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ubersiren's avatar

What do you do when you have a strong urge to make something creatively, but you're not good at the artistic form?

Asked by ubersiren (15152points) April 16th, 2010

I often get strong urges to paint, draw, make music, sew, crochet, make jewelry, write poetry, dance, etc. but I’m not good at any of those! I had a blood test done and it turns out I have a low talent count. How do you get your creativity out if you don’t really have an outlet? Should I be satisfied by simply trying? What if it never comes out; will I die from it? :/

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20 Answers

marinelife's avatar

I say do art. Make art. Have at it. I also say that you are creative if you feel the urge.

lucillelucillelucille's avatar

Just do it!! I work as an artist and I love what I do,know how gratifying it is,so I encourage you to try something!Above all else,don’t put any pressure on yourself to create a masterpiece!If you find you like painting and want to hone your skills,there are many classes out there.

unique's avatar

keep at it.

RedPowerLady's avatar

ROFL b/c you sound exactly like me. I could have written that.

One thing that I found relatively simple is to cook. And cook for people not just yourself. It is artistic and creative. It doesn’t waste money b/c you eat it. And others can appreciate it.

Your_Majesty's avatar

Well I usually use my imagination and try as best as I could(I also observe other kind of arts and -copy—learn something from it and applicate that to my works).

Blood test can reveal your talent count? That’s new for me.

MrsDufresne's avatar

I have this problem when it comes to writing my own original music. I can do the lyrics, and I can sing the melody, but hearing and capturing my own original melody is nearly impossible for me.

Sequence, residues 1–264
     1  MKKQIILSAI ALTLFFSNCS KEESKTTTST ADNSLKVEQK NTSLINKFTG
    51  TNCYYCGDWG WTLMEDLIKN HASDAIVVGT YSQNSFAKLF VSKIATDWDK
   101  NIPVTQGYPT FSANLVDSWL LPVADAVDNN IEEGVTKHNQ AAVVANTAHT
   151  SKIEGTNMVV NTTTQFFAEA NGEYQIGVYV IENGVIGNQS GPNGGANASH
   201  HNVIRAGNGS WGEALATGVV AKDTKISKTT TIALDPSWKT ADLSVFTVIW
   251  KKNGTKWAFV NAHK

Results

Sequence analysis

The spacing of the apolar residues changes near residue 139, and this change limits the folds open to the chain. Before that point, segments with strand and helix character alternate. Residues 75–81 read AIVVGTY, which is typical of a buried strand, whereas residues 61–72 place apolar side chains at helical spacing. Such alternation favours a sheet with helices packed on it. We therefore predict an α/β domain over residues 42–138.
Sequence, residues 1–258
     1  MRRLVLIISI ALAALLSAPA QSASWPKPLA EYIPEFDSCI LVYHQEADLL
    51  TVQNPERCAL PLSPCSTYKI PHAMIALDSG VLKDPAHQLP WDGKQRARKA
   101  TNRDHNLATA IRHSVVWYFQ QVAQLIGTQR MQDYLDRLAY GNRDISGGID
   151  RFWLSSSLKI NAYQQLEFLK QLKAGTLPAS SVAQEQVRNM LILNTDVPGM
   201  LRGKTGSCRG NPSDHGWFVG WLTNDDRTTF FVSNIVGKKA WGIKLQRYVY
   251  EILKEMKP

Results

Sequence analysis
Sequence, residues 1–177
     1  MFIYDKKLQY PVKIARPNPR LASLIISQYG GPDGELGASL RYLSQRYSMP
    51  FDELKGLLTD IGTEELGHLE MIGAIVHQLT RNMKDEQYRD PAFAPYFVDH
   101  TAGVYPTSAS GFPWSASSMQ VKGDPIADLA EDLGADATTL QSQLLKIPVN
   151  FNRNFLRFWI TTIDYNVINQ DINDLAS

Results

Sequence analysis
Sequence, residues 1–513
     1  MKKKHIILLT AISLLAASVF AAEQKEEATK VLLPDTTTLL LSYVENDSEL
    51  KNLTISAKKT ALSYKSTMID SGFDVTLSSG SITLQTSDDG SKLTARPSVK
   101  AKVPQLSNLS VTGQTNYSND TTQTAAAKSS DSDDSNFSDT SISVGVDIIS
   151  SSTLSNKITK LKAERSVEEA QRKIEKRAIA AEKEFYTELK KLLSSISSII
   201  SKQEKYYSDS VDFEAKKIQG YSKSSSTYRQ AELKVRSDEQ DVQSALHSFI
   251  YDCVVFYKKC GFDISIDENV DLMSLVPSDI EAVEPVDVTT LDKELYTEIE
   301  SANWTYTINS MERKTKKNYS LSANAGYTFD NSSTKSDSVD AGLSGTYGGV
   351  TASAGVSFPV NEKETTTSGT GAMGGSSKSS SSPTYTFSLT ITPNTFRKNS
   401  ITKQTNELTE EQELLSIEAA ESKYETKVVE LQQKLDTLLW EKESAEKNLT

It is frustrating, but I love music so much, that I continue to try and try to come up with something that I am satisfied with. (Which hardly ever happens, since I am a loony perfectionist when it comes to that stuff)

My best advice would be to follow your urges. Even if you think your not good at it, it is so hard to look at our creations objectively. What is awful to us, might be gorgeous beauty to someone else.

Keep creating until you get something you would want to share with others, even if those others are just close friends and/or family.

Loved ones can help a lot with the creative process by encouraging and providing their honest, caring opinions about your creations.
Those urges are present for a reason. Follow them.

Good luck to you. ;)

AstroChuck's avatar

Try anyway, talent or not. Of course that’s easy for me to say, seeing I’m filled to the brim with the stuff.

Well, full of something anyway.

netgrrl's avatar

There are many, many ways of being creative. Find one that suits you. If you like painting, continue to explore that. (Believe it or not, anyone can learn to paint.) Maybe you aren’t good at painting portraits. Ok. I’ve seen painted canvas rugs that are great.

silverfly's avatar